Small Modular Reactors: The Resilient Solution to Future Proofing the Electrical Grid

By: Dr. José Reyes, NuScale Co-Founder and Chief Technology Officer

The widespread blackouts in Texas are just the latest demonstration that our critical infrastructure is vastly unprepared to handle today’s climate. Historic wildfires, extreme cold and heat, drought and flooding, hurricanes – if the past year has taught us anything, it’s that climate change is here and Americans in all corners of the country are caught in its bullseye. The current status quo is unsustainable, but we already have solutions at hand that will allow us to rebuild our energy infrastructure in a smart, resilient way that meets the demands of a more volatile climate.
The Biden administration took an important step in tackling the climate crisis by rejoining the Paris Agreement and recommitting to reducing America’s greenhouse gas emissions. To reach the targets laid out in the agreement, we must invest in clean energy solutions that shift our energy consumption away from greenhouse gas emitting power sources that exacerbate the effects of climate change towards clean sources of energy that will remain resilient in the face of our changing environment. When I co-founded NuScale Power in 2007, these were the precise challenges I looked to address with our ground-breaking small modular reactor (SMR), a small but mighty source of clean energy with potential to change the status quo.  
More than 200 coal power plants are set to retire in the U.S. over the next 20 years. Deploying similarly-sized SMR technology to supplant these coal plants can ensure we transition to clean energy with equitable treatment for people, the planet and prosperity. Specifically, SMR power plants like NuScale’s can create significant opportunity in coal plant communities by preserving jobs for workers with many of the skills needed to operate and maintain an SMR nuclear plant. SMRs are also well-suited to seamlessly fit into the existing transmission infrastructure and can provide critical support to maintain a reliable transmission system. 
Small modular reactors have incredible potential to generate clean baseload power and create jobs. Using NuScale as an example, about 150 of our plants can replace the 145 GWe of retiring coal through 2050. In this timeframe, that would mean 1.7 billion man-hours in construction employment, and preservation or creation of 40,000 power plant jobs and an additional 40,000 manufacturing jobs. That doesn’t take into account the added jobs and economic benefits afforded to the supply chain – the equipment, commodities, components and material needed to support these plants – yielding up to $2 billion in direct and indirect economic benefits over the four-year construction period of a plant.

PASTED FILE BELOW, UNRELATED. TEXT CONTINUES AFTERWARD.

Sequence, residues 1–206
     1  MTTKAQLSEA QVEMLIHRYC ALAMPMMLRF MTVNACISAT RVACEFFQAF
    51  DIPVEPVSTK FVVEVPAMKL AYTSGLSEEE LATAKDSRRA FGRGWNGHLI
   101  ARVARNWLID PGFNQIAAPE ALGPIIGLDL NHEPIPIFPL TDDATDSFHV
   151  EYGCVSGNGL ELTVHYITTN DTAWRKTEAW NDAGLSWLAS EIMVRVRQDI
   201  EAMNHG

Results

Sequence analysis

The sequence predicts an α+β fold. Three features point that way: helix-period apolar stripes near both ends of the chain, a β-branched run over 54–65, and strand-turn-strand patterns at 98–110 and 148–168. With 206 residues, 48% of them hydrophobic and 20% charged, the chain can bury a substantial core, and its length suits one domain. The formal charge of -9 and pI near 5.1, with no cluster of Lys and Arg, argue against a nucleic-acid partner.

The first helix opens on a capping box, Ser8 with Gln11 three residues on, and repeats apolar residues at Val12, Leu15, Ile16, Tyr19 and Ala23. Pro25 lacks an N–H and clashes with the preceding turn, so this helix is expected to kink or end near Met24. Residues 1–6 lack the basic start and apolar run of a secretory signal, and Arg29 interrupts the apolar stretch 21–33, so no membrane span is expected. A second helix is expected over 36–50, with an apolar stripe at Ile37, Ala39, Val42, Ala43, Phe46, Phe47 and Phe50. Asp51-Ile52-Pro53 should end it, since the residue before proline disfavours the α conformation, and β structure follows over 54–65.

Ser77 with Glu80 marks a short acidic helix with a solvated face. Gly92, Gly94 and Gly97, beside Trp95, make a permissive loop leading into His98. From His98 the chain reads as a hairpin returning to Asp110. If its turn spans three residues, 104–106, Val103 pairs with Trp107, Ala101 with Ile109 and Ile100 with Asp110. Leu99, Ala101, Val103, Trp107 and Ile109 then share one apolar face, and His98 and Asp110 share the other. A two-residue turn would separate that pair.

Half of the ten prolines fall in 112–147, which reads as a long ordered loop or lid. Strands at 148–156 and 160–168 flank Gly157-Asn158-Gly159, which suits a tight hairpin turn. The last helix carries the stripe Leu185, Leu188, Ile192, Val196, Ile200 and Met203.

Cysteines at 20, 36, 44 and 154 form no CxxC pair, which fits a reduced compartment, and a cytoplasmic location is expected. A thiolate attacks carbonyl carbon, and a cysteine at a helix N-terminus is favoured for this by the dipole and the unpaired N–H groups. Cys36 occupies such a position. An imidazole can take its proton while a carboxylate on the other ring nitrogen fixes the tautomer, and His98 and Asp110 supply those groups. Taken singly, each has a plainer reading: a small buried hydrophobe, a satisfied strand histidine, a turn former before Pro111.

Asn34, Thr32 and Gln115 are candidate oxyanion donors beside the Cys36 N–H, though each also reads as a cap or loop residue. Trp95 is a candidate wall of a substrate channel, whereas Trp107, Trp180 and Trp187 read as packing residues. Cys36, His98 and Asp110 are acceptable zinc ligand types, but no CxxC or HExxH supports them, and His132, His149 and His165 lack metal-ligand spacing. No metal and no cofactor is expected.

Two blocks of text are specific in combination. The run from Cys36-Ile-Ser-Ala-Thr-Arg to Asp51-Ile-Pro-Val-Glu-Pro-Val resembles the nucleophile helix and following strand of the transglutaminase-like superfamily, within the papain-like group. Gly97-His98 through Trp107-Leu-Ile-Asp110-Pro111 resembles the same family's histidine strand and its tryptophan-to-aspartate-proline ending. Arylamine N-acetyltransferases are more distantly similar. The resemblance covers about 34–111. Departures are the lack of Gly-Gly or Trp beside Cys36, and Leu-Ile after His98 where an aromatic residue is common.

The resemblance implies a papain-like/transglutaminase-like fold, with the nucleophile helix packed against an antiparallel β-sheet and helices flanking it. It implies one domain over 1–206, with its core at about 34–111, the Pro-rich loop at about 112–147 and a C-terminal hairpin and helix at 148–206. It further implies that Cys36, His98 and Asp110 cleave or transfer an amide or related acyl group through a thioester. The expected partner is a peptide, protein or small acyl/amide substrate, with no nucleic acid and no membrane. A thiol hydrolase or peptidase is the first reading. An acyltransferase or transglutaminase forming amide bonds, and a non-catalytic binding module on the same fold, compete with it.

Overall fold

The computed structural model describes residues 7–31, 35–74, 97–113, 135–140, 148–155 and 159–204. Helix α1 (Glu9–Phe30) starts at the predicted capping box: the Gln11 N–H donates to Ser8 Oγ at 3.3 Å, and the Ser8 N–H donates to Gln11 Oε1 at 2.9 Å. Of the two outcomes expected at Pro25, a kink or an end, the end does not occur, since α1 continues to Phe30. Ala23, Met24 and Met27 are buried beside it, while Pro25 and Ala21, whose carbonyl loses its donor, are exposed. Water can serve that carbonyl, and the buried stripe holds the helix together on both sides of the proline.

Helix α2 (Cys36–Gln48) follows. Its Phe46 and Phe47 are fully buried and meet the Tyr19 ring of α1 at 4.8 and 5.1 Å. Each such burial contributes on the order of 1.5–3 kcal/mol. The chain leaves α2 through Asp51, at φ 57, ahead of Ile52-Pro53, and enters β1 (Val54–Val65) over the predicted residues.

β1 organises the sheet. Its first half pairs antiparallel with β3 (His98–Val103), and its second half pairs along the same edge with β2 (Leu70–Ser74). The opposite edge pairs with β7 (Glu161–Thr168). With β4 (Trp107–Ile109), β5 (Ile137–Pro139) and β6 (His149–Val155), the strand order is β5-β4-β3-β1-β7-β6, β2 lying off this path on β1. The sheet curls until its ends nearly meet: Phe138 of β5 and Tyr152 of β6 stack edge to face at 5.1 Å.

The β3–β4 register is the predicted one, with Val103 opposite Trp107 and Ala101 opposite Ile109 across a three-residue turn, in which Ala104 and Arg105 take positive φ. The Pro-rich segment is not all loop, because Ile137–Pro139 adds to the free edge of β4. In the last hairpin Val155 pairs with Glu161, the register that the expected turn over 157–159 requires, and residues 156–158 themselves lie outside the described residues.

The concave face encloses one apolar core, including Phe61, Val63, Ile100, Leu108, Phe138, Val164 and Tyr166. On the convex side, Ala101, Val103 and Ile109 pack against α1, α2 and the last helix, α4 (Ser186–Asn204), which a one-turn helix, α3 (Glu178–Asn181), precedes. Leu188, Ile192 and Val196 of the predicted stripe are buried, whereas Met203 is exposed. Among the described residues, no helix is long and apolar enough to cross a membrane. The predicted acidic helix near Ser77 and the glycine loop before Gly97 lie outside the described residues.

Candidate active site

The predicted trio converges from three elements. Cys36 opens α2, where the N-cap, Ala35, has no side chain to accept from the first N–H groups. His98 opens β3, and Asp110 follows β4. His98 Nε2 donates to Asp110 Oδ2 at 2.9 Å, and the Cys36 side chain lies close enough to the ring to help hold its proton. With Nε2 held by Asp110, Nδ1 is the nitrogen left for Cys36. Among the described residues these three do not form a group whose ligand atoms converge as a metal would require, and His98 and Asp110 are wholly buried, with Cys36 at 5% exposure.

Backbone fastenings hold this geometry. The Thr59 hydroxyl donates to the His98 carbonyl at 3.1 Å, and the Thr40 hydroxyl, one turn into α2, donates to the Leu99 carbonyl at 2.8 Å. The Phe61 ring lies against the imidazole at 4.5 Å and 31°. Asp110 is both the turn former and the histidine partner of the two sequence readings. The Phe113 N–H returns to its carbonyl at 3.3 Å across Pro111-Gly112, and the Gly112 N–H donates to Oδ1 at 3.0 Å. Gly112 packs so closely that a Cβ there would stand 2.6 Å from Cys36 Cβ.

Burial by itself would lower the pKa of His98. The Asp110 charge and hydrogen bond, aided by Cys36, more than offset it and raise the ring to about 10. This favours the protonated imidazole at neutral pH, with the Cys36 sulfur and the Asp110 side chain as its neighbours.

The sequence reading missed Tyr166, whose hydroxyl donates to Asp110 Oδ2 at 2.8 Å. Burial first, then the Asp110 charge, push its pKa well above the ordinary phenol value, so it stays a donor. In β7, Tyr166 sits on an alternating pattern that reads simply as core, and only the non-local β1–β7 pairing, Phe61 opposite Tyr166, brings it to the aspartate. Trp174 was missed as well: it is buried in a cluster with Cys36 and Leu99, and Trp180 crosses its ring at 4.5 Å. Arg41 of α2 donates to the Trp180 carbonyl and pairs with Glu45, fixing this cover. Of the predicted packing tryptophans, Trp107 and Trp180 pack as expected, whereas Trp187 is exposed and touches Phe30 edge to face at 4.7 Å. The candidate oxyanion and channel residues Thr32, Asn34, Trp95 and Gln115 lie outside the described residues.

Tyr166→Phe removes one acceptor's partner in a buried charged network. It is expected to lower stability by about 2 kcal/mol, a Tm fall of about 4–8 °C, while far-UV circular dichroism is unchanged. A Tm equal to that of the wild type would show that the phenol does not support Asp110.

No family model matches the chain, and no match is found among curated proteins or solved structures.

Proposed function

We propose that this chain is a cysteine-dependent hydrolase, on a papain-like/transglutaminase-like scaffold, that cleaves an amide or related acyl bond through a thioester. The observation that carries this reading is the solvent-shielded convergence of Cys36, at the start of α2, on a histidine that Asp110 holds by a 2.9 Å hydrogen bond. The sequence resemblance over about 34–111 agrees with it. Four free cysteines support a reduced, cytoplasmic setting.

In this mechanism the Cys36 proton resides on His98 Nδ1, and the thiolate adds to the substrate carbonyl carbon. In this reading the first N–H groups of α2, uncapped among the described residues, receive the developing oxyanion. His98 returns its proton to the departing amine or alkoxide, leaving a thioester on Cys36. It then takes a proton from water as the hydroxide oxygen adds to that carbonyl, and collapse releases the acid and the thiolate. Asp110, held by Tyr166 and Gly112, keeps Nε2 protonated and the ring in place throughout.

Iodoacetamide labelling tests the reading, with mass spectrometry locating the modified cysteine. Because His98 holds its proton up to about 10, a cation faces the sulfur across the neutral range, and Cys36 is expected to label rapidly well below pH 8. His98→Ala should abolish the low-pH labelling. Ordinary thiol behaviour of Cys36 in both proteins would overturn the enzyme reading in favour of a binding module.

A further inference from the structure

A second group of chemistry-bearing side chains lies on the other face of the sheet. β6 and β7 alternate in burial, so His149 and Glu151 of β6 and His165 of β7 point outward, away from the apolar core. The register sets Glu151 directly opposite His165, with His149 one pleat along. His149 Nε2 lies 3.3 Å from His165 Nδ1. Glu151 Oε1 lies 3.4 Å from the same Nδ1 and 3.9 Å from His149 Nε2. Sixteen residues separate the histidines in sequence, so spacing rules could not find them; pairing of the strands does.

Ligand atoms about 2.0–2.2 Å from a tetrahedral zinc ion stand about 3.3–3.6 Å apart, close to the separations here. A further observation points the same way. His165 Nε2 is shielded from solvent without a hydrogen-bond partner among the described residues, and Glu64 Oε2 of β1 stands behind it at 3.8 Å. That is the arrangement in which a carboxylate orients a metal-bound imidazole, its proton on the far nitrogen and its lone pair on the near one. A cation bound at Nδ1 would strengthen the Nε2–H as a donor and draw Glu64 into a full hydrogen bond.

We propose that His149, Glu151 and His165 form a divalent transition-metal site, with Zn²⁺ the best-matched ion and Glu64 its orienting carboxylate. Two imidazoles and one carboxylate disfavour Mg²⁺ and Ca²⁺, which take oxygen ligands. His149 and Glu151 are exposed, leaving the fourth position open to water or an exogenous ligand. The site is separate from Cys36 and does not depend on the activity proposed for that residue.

But if we are to learn another important lesson from Texas, we must also focus on the resiliency of new energy sources if we want to achieve long-term, effective solutions to protect the energy grid against the effects of climate change. 
As the first and only SMR to ever receive design approval from the U.S. Nuclear Regulatory Commission, NuScale’s power plant is on track to be America’s first SMR in operation. Each of our SMRs are capable of generating up to 77 MW of electricity and include a number of advanced safety and resiliency features, offering performance and capability not found in today’s operating commercial nuclear power plants. 

SMRs like ours have several specific features that are crucial in the event of grid loss like we’ve seen in Texas, including black-start capability, meaning that a plant can start up from cold conditions without a grid connection. Currently, when the transmission system is lost, all existing nuclear plants automatically shut down. An SMR can operate in ‘island mode’ and remain at the ready to immediately provide electricity to the grid once back online, making it a first responder to the restoration of the transmission system.

The resiliency, safety and local economic benefits of SMRs are a game changer to address the phasing out of fossil fueled power plants as the country rethinks and rebuilds our critical energy infrastructure. As the Biden Administration and local authorities look to reduce greenhouse gas emissions while creating jobs and hardening the grid against extreme weather, they would be remiss to overlook the potential – for the climate, jobs and revitalization of communities – of new nuclear energy technology. Leaders at all levels have a prime opportunity to seize the moment and ensure that the advanced nuclear industry becomes the backbone of the transition to clean energy.